The Federal Bureau of Investigation wants to get into the Minnesota Mall stabber´s iPhone, as announced by special agent Rick Thorton at a press conference in St. Cloud. He explained that the phone is locked with a passcode.
Dahir Adan, a 20-year-old man, stabbed ten people after asking them if they were Muslim. He was eventually shot by security forces. The fundamentalist terrorist organization ISIS claimed credit for the attack, explaining that this was their seventh strike against Western targets in the last 60 days, following other terrorist strikes in France, Canada, Belgium and Gerrmany.
According to Wired, FBI Agent Thornton said in Thursday's press conference that the bureau had "analyzed more than 780 gigabytes of data from multiple computers and other electronic devices. "We are conducting an extensive review of his social media and other online activity, we continue to review his electronic media and digital footprint," he added.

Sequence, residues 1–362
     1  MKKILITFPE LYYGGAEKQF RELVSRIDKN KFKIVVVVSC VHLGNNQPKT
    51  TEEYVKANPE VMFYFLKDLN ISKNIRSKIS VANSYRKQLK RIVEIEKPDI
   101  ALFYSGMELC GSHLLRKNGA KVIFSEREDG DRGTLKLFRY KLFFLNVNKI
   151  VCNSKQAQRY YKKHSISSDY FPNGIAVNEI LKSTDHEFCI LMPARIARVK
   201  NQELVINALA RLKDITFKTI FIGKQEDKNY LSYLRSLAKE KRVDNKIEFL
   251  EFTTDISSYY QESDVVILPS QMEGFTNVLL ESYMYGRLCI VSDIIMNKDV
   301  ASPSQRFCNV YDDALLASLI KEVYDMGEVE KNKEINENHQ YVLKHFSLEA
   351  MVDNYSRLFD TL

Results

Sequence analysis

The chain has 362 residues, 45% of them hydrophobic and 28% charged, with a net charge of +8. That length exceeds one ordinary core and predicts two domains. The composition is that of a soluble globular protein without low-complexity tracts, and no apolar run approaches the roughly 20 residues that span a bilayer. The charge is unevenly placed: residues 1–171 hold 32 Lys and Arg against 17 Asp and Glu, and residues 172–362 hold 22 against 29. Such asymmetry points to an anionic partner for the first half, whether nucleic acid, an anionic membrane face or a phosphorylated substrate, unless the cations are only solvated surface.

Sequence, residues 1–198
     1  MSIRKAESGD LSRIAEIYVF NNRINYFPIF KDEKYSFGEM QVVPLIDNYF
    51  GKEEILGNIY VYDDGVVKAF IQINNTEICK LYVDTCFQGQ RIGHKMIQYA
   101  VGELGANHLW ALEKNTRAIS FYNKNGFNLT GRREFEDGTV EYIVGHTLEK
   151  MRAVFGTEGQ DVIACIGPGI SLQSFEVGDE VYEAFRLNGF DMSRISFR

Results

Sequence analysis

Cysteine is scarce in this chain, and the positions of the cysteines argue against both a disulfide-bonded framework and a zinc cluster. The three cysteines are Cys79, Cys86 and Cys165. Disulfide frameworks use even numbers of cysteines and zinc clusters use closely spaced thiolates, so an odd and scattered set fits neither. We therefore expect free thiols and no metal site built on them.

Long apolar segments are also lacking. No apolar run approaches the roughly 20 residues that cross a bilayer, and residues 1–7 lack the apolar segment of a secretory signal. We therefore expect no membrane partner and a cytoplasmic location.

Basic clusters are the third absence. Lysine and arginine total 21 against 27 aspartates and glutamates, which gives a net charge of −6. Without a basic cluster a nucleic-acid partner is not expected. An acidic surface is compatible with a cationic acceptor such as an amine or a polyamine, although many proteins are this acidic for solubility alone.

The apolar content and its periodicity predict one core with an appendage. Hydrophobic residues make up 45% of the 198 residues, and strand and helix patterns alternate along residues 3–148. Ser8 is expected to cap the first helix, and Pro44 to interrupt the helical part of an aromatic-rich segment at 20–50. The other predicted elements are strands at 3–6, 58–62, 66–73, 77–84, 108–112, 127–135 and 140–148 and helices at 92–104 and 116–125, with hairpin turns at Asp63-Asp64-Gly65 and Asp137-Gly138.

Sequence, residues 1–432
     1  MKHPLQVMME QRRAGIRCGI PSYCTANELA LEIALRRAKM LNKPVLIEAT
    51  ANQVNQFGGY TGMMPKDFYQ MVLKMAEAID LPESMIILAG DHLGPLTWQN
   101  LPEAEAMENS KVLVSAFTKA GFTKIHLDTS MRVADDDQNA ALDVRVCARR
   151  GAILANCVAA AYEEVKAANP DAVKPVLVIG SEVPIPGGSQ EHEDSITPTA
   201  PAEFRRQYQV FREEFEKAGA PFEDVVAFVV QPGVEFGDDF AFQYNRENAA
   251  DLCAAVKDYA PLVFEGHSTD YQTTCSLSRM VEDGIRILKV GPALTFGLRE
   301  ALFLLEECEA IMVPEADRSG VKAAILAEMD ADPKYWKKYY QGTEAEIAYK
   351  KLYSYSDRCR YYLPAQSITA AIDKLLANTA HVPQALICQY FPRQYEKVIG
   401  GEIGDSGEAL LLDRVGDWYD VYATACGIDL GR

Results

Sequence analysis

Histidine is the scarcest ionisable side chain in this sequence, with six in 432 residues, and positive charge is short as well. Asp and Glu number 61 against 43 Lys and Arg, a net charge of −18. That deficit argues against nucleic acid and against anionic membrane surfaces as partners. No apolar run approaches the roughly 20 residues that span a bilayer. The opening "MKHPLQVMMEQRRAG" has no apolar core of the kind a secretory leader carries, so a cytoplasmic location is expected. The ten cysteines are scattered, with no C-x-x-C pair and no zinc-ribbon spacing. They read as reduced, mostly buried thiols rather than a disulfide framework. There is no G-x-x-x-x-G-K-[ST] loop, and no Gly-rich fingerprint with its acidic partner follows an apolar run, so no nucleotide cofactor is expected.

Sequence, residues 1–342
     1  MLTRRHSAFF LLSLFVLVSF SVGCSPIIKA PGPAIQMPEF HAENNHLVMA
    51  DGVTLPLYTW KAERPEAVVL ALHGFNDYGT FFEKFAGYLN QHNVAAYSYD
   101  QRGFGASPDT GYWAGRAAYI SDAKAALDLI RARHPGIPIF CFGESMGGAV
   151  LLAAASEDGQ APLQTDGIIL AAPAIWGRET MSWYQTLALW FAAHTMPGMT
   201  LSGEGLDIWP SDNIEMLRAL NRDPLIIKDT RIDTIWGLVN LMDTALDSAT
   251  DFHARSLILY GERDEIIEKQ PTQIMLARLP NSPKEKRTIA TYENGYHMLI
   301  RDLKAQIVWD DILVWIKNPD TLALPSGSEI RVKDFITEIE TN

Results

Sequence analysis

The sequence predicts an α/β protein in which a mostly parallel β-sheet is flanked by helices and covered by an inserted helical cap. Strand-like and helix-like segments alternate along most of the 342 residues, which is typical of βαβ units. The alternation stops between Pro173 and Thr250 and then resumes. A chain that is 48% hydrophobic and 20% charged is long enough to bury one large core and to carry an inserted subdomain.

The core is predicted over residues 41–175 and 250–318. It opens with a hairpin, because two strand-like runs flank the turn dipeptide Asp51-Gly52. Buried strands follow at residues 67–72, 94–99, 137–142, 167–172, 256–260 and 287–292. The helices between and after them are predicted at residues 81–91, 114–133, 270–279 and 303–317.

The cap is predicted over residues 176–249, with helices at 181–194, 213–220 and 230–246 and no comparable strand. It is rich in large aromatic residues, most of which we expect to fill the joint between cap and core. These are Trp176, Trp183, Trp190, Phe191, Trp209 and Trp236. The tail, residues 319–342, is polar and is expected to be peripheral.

The San Bernardino iPhone case
This event represents a very delicate situation as the one that FBI dealt with after the San Bernardino shooting, after which they ended up paying $1.3 million to a third party to unlock the assassin´s iPhone, after Apple´s refusal to cooperate, as reported by CNET.
This case became very controversial, since many people believed that this could set a precedent in which U.S. agencies would have the opportunity to break into everyone´s phones without question.
The big difference
The difference with the previous case, is that it's not certain whether the same method could be completely useful in this one, since the newer versions of iOS may have new features that are immune to the technique that the FBI used before. Because of this, Apple might have to face both the U.S. government and the FBI once again. However, one of the main questions is how the people will respond to this situation.